I know that my pain is not as severe as most, I don’t (think I) compare my pain to anyone else’s. I just focus on getting through each day with the least amount of pain possible. Except for the days that I go ride, I just have a good time on those days and deal with the pain later.

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  • October 3, 2010 at 11:13 am
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    I used to work with a ‘Penelope’! We worked in the back, nursing, of a Doctor’s office. She used to complain about the patients who would call everyday 2 – 3 times asking for lab results and more medications etc. When she had a blood test done she called her Dr just about every hour wanting the results and when they would not give them to her she went to our lab and had them pull them up for her so that she could call her Dr back and demand treatment. I had been diagnosed with RA for a couple of months and she was now being diagnosed as well. After that she would constantly come up to me and shove her hands in my face and show me her swollen joints, claim she was allergic to every medication she was put on etc. I laugh about it now because everyone knew she was trying to get my sympathy and I wouldn’t give her the satisfaction. My Mother in Law has also told me that us “Young” people have no idea what “health problems” are… I just grin and nod and think to myself that I hope she never has to learn first hand what health problems occur as a result of RA. I would gladly take her Diabetes and High Cholesterol…. Life with a ‘Penelope’!! LOL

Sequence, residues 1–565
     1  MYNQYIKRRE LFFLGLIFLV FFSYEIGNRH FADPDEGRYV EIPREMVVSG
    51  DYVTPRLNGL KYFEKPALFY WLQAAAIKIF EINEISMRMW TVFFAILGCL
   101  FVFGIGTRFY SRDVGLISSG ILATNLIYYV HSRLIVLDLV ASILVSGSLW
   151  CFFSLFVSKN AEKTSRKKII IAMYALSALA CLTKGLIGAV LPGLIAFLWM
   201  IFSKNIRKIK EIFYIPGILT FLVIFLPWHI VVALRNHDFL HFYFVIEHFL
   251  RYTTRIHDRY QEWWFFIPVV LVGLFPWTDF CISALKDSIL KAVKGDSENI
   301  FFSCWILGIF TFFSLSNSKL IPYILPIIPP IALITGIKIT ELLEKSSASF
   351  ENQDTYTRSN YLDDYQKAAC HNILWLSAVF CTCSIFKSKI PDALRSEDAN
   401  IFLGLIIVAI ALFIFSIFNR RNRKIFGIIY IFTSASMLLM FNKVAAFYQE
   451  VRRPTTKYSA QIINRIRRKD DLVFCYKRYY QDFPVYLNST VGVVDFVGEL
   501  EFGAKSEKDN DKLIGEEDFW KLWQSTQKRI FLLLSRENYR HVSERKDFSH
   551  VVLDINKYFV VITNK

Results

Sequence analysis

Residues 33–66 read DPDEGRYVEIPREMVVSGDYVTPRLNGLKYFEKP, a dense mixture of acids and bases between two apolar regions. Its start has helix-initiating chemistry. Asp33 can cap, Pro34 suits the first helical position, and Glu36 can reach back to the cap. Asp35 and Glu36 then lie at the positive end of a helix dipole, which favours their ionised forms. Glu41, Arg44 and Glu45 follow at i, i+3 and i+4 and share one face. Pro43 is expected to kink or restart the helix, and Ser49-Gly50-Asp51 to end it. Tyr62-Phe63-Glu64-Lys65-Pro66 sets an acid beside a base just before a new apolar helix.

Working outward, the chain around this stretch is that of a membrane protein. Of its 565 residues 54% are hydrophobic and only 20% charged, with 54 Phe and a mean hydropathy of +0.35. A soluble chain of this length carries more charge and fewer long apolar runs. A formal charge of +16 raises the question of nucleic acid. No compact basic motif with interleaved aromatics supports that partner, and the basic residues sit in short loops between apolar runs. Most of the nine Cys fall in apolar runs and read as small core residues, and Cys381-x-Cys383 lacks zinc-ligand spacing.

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    • October 3, 2010 at 11:29 am
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      Thanks for sharing your own Penelope funnies, Angela. Sometimes it can be annoying but I find laughing helps me cope too. I could just imagine her poking fingers at you. LOL.

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  • October 3, 2010 at 2:27 pm
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    This really gave me a good chuckle today! I know sometime I compare myself too. But it’s the other way around. I feel like I have no right to complain because others hurt worse than I do. This really sheds some light on how silly it is to compare yourself to anyone at all! Thanks Kelly!

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    • October 3, 2010 at 2:59 pm
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      Aww. You have every right to complain. We can just all agree together that RA sux rox!

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  • October 3, 2010 at 4:15 pm
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    I find it interesting that many of those who complain the most have illnesses that have successful treatments and cures. What many people fail to understand is that RA never goes away. We don’t have a cure to look forward to. We may have treatments that help, but the fact is we aren’t going to be well, ever.

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    • October 3, 2010 at 5:13 pm
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      That is a clear point – sad but true Anita. And part of the reason RA is so hard to live with. It progresses so we can get worse, but seldom better unless there is a very good response to treatment.

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  • December 7, 2010 at 5:44 am
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    This is a great point. I see really sick beat up trauma patients, open heart patients, etc. at work. So when I have a pt that says, my pain is a 10 in a calm and collected voice, I chuckle inside. Really? But inversely, when the MA at my rhuemy’s office asks me my pain on a pain scale, I can’t even go above a 2 or 3 because I see some serious stuff at work, imagine bad car wrecks. How in the world can I complain about pain after seeing that?
    I hope that we can all remember compassion and listening are skills are difficult to gain. It takes a lot of practice.
    Now, about my wrist, it really is more swollen than yours, do you want a measurement? :clown:

    Reply